./prometheus_demo_service -listen-address=:10002 &
extract, run demo instances

Each of the instances now serves synthetic metrics about itself on the URL below. Explore the metrics of one instance a bit.

The demo service generates four different types of

  1. simulated metrics:

2. Metrics about an HTTP API server (request counts, durations, errors)

3. CPU usage metrics Disk usage and total size metrics

4. Metrics about a batch job that runs periodically and an fail with a certain probability
Add the following list entry to thescrape_configssection in yourprometheus.ymlto makePrometheus scrape the demo service instances

- job_name:'demo'
       - targets:

Make sure that Prometheus reloads its configuration file:

killall -HUP prometheus

Selecting Series

We must understand how to select series data from the TSDB before you can perform any more helpful tasks with PromQL. Asking for all series with a particular metric name is the simplest method to accomplish this. Simply the metric name itself is the query for this.Here is an example:

request counts in the expression browser

Note:The demo_api_request_duration_seconds_count metric is a counter that tells you the total number of handled API requests. The reason why it awkwardly includes request_duration_seconds in its name is that it is created as a by-product of a histogram tracking request durations with the base name demo_api_request_durations_seconds.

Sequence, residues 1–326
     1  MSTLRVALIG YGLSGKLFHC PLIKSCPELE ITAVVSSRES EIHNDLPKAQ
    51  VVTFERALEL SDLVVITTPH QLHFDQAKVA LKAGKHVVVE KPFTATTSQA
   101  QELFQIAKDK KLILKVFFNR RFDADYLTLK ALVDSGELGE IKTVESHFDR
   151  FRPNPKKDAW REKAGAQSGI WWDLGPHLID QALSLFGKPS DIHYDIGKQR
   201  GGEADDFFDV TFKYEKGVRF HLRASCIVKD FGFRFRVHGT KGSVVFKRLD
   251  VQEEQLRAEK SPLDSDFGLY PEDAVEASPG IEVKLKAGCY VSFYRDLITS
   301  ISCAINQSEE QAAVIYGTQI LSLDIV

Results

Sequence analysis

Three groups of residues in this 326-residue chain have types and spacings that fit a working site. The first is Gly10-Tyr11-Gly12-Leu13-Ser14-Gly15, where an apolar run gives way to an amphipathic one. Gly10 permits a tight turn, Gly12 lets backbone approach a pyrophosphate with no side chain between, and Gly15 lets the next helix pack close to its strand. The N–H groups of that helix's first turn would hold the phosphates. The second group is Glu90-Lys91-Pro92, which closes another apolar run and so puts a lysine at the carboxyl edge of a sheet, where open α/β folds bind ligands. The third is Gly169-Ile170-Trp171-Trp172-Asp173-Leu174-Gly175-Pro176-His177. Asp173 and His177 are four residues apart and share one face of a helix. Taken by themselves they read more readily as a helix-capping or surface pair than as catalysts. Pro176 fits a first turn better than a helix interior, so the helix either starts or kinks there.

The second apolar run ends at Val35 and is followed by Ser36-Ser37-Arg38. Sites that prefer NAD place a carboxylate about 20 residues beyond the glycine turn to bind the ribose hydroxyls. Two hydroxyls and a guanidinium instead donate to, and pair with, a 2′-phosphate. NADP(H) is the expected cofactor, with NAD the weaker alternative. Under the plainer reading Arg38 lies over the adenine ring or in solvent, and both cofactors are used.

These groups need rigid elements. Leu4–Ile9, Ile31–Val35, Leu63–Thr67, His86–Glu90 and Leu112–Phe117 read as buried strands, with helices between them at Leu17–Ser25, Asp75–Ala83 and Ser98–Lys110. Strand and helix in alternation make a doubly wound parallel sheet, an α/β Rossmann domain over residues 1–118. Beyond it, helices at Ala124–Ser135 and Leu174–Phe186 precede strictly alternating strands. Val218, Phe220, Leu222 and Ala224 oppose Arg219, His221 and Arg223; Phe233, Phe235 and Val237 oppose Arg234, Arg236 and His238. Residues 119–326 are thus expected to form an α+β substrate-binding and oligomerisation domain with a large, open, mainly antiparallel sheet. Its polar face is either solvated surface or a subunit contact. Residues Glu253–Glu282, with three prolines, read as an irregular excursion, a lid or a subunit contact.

We can add filter criteria depending on the label values of each series to reduce the number of series you need to choose. As an illustration, the following query only chooses queries that had the HTTP status code 200.


Set Up Grafana

The built-in graphing mode and expression browser in Prometheus are helpful for on-the-spot debugging, but they are not a strong option for persistent and shareable dashboards or more complicated graph options. You will discover how to build dashboards with Prometheus data in this section of the article. Grafana has a variety of deployment and configuration options, as well as the ability to store dashboard metadata using several backends. You will run Grafana on Docker using the default configuration parameters to make things easy. To run Grafana on Docker on port 3000, run:

docker run -d -p 3000:3000 --name grafana grafana/grafana:7.5.4
download grafana

Enter the default username and password, admin as shown below to log in. For the particle machine that I am using it is:

When prompted for a username and password, enter the username and password as admin or any that you can easily remember.